Informal Musings
Over Coffee

James Rissler

James has served as pastor to Atlanta Mennonite Fellowship since October of 2006 and was ordained in May of 2010. In what seems like a prior life, he earned a Ph.D. in philosophy of religion from the University of Notre Dame. So he can be called Rev. Dr. James Rissler, but that sounds ostentatious. The only people who call him that are public officials responding to letters advocating for greater justice for all, which he signs with those titles, hoping they’ll be impressed :-) James is married to Christina, and they have two boys, Andrew and Peter.

James emphasizes the love of God and the importance of loving relationships with God and with all persons. He believes that relationships take precedence over doctrine, and that, almost always, people can find common ground that is wider and deeper than our theological differences. His enduring optimism is grounded in God's creation of us in God's image, a creation that God called very good.

Life is Full

In my appreciation of the many loving, caring, good relationships that fill my life, the gap between idealism and intentionality in claiming that my life is full of good things narrows.

“Life is full.”  I’ve used this phrase, rather than “I’m busy,” for the past couple years.  I feel like busy-ness is a term about which we’re ambivalent in not particularly healthy ways.  It has a surface level negative connotation - “there’s just too much!” - but I found that I would sometimes take a perverse pleasure in ticking off all that is overwhelming me.  It’s as if in doing so, I was measuring my worth in terms of all the important(?) things I had to do.

So I’ve taken to saying that life is full.  I often go on to say that life is full of good things, and so I juggle them as best I can, because I don’t want to drop any of the good things that fill my life.  My intent is to indicate that the fullness of my life (my calendar, my to do list, my email inbox) isn’t simply accumulated dross, but that there’s intentionality in what fills it.  These are tasks, relationships, activities with which I have chosen to fill my life, and so I’m not going to complain that there’s too much of them.

Of course, my idealism isn’t always matched by my intentionality.  There can still be a kind of perverse self-congratulation about all the “good” things I’ve chosen to fill my life with, without spending a lot of time reflecting on how truly life-giving they are.  There can be a shallow sense of accomplishment in making it from one meeting to the next, and responding to that request promptly, and… without truly appreciating how meaningful these interactions usually are.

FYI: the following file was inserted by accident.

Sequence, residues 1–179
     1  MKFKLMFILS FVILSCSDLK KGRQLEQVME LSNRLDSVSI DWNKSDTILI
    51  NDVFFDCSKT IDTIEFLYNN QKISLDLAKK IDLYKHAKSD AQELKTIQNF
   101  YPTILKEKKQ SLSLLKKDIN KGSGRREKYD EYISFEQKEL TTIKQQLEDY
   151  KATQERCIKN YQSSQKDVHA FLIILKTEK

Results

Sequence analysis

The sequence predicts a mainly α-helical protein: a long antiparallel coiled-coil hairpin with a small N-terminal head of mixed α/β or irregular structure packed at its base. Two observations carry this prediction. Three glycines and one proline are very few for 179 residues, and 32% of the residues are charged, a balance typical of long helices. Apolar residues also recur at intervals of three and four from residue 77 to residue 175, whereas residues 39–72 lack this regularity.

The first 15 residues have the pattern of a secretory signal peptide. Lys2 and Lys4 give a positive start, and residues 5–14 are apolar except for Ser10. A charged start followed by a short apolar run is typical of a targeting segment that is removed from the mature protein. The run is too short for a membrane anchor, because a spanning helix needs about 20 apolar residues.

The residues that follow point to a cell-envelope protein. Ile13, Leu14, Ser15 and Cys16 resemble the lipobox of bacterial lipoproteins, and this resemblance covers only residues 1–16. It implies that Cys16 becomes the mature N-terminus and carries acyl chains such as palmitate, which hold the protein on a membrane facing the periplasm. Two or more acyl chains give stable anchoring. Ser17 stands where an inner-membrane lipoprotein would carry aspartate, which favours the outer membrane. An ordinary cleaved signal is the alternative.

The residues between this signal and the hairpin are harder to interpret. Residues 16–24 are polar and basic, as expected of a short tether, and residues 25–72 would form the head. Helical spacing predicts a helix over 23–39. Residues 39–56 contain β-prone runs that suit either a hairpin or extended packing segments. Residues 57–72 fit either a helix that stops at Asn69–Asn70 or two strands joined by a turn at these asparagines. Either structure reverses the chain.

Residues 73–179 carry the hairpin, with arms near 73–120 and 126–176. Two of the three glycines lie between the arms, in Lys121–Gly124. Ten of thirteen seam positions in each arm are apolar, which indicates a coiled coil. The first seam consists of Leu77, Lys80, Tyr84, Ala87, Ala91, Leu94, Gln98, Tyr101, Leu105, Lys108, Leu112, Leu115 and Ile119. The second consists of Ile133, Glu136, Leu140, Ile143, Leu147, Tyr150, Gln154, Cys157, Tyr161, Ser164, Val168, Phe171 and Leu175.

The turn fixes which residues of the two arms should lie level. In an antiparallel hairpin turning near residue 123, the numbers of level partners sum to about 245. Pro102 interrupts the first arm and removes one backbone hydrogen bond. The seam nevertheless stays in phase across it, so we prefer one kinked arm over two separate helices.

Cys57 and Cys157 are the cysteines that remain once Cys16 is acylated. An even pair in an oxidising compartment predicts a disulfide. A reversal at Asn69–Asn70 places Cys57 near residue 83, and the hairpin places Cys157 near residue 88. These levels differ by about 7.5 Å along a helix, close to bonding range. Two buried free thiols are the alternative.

So Full

One Saturday a few weeks ago, I was “supposed to be” in four places at once.  At least, I felt that there were good reasons for me to be in each of these places, that they would all be meaningful interactions and that I would like to attend each.  Two were church related: a conference on reconciliation that a pastor friend’s church was hosting, and a workshop on how to support the sanctuary movement for undocumented immigrants, in which others at AMF as well as myself had interest.  The third was playing an ALTA tennis match with the neighborhood team I’m a part of, but for whom I manage to show up only 2-3 times each 7 week season.  And finally, it was my sister-in-law’s birthday, and the rest of the family, at least, would be going down to meet her and Christina’s parents for lunch.

I found that that abundance of good options had a clarifying effect for me.  I joined Christina and the boys to celebrate Stephanie’s birthday.  Family, at least on this day, seemed more important than church or neighborhood camaraderie.  

Dropping Things, Appreciating Relationships

There have also been times over the past months when family needs have required me to “drop” other good things - to postpone or to leave church meetings abruptly, to back out of the tennis team lineup yet again, to skip opportunities that would be fun, meaningful, good, but for which there’s not sufficient flexibility in our family’s schedule.  While that is often frustrating, I find that these occasions also have a clarifying effect.  When it becomes impossible to juggle all the good things with which I’ve filled my life, it’s so far been relatively easy to decide which ones to “drop” for a time.  A significant part of the reason it’s been relatively easy is that the people who have been “dropped” at these times, have responded with graciousness, understanding, and support.  I am grateful.

My life is full, and I like that it is full of good things.  I have for some time believed that we should measure our lives’ worth in terms of the quality of our relationships, rather than in terms of the things we do - what we achieve or accomplish.  As I have sometimes had to put off worthwhile activities or postpone interactions with people I value, the solicitude of those affected has increased my sense that this is right.  And so even as I “drop” some of the good things in my life, my life feels no less full as I appreciate how full of caring people it is.  

In my appreciation of the many loving, caring, good relationships that fill my life, the gap between idealism and intentionality in claiming that my life is full of good things narrows.

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